I’ve recent assembled a short length of track, using some components that it had lying around. It’s purpose was simply to replace a length of flexi-track that I used to have on the back of my workbench to stand stock on between working sessions.
The amount of waste material generated by track building is something that has always bothered my, particularly moulded plastic rail chairs where the sprue they are on seems to account for most of the material used. I guess that, from a cost perspective this doesn’t make a huge difference, as I expect most of the cost is in the intricately detailed mould for the chairs themselves rather than the material used; but what about the environmental impact?
My two 60′ panels of track (480mm in 4mm scale) generated 29g of waste plastic (without breaking or losing any of the chairs). Since the (steel) rail I bought came in 500mm lengths, there are a couple of sort offcuts of rail to add to the waste pile too.
I’ll put that in our recycling bin, in the hope that it finds its way to being recycled (although who knows whether it actually will).
This isn’t meant to be critical of the components used or their supplier, it’s just an observation. It has got me thinking about the environmental impact of railway modelling though, particularly the waste from packaging, moulding sprues and metal waste from etched brass or nickel silver frets.
Plastic chairs are really unavoidable for finescale track, but for the sleepers there is the alternative of using plywood, which is what I think I’ll be doing for future projects. Although I’m now thinking about the energy used manufacturing ply and cutting it into sleeper sized strips…
I must admit, I’ve not been using this blog as much as I thought (and hoped) that I would, largely due to a lack of spare time. However, I thought a little retrospective of my modelling in 2014 as the year draws to a close.
Firstly then, Foundry Lane. This year saw my EM shunting plank’ retire from the exhibition circuit with its last appearance at the Leamington and Warwick Model Railway Society’s show at Stoneleigh in March. The layout performed without fault and I now have an abundance of stock for it as I have most of the Black Country Blues stock available to use. The decision to take the layout off the circuit was an easy one though and I’ve no regrets. Looking back I’ve learnt a lot from the experiences of building and exhibiting it, but it has served its purpose and, while it still passes muster, I’m aspiring to achieve more realistic results with my future projects. It lives on as a shelf for storing unfinished projects above my workbench!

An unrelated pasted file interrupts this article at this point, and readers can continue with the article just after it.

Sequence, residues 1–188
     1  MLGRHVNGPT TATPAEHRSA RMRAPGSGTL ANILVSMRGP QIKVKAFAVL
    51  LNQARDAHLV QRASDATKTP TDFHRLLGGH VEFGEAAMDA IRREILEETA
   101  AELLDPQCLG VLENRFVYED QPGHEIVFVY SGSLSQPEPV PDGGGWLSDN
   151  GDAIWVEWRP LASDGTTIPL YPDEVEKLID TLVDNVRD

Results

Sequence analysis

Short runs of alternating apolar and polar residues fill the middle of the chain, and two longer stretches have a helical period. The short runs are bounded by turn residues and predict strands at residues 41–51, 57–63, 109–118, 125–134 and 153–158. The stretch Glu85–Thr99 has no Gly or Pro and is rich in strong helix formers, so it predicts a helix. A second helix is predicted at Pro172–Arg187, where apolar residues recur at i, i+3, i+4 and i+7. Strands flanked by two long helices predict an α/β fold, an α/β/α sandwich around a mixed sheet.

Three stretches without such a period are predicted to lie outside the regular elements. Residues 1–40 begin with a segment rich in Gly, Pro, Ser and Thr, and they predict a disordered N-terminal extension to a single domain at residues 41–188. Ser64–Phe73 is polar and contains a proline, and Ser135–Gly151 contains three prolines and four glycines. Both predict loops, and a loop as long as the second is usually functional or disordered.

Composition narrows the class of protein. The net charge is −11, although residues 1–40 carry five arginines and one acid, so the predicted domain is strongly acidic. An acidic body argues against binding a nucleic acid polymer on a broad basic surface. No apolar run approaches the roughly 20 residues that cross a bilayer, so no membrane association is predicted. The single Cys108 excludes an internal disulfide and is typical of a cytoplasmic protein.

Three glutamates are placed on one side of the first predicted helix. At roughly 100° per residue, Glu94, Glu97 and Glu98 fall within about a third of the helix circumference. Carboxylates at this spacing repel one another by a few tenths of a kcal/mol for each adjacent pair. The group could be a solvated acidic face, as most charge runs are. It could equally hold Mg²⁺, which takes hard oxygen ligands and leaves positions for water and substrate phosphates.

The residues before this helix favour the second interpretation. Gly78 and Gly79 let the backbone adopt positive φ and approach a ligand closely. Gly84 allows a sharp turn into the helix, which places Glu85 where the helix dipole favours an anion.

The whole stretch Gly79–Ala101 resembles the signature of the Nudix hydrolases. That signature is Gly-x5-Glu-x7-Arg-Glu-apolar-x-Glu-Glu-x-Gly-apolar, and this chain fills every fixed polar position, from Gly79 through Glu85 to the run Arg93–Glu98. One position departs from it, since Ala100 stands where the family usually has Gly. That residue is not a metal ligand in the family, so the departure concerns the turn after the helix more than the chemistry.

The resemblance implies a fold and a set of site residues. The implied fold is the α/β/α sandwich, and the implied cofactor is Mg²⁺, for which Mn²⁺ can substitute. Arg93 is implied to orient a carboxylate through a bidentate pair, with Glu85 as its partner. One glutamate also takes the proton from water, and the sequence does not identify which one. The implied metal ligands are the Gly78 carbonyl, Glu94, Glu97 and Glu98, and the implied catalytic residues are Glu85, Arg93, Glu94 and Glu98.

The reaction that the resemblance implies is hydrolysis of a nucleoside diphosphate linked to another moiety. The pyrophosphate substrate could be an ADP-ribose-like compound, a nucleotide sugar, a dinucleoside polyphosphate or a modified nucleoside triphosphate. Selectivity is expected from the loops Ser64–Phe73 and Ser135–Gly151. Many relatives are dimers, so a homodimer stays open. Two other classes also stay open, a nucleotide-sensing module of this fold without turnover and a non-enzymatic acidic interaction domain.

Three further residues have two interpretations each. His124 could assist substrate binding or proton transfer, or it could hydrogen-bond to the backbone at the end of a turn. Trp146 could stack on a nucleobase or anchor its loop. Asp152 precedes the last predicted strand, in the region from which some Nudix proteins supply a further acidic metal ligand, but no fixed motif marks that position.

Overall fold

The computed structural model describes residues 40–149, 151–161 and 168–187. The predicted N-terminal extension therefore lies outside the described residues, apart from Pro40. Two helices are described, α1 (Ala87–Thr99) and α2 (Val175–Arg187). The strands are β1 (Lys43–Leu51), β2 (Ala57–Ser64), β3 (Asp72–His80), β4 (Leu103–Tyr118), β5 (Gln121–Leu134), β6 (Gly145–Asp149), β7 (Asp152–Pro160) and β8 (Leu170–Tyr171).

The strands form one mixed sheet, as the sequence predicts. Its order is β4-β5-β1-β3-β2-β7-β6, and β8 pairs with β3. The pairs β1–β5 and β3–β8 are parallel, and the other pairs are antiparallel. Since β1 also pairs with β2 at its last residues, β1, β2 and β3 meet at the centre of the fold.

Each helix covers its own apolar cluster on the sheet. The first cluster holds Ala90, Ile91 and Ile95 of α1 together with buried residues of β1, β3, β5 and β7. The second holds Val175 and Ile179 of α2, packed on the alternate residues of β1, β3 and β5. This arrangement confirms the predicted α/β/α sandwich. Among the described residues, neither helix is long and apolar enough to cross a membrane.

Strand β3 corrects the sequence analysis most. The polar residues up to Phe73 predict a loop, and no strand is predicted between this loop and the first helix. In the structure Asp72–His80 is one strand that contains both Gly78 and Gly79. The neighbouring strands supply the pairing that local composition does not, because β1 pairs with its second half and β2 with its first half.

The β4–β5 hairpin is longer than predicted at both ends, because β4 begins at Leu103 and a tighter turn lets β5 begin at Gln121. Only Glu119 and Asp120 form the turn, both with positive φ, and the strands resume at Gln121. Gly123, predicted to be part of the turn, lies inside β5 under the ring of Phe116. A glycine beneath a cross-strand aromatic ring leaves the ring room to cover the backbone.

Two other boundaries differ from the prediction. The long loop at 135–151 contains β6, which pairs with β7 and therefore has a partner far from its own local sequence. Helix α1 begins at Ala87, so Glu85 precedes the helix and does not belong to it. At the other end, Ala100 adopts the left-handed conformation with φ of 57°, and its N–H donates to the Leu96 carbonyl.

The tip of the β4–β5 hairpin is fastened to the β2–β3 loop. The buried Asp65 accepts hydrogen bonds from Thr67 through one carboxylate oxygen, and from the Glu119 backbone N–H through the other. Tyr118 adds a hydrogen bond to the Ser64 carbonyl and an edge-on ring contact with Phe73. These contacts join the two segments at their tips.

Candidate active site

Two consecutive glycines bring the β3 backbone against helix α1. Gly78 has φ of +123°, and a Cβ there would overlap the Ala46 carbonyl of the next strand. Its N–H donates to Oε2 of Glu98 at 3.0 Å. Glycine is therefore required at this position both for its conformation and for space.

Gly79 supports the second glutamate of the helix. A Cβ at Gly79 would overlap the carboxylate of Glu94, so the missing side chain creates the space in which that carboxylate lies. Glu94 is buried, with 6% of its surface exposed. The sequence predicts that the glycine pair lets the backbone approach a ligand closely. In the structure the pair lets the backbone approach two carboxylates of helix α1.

Black Country Blues is, of course, a group project so is technically outside the scope of this, my personal blog; however I’ve spent a fair amount of my modelling time this year adding further rolling stock to the fleet or improving (well, finishing off) existing stock. The group took the layout to five shows this year; Stafford, Doncaster (its second appearance now in its completed state), DEMU Burton, ExpoEM North and Warley of which I attended all except Doncaster. The layout continues to attract positive comments from viewers and even managed to come away from ExpoEM North with the Vice President’s trophy for best layout, which (considering the high quality of the other layouts there) was an achievement we are all very proud of. Stafford and DEMU shows were relaxed and enjoyable weekends. Warley was hard work – although to be fair I was expecting that. To be honest, I’m quite looking forward to the proposed plan to run the layout with steam era stock as it will take some of the pressure of providing the majority of the rolling stock off me!
Fryers Lane should have been the main focus of my modelling time and it sort of was. I’ll be the first to admit that I’m prone to getting distracted, which would explained how I ended up modelling a Mk 1 Capri rather than completing the trackwork!
The track did eventually get done (although there are still some detail parts required around the turnouts) and I’ve begun adding dropper wires to connect things up electrically. Buildings have started to appear on the layout and I think I now have a reasonable idea of what the finished layout will look like. I now have a deadline to work towards as I have my first invite to exhibit the layout in September 2015.
Thanks for reading the blog. Wishing you all a merry Christmas and all the best for 2015.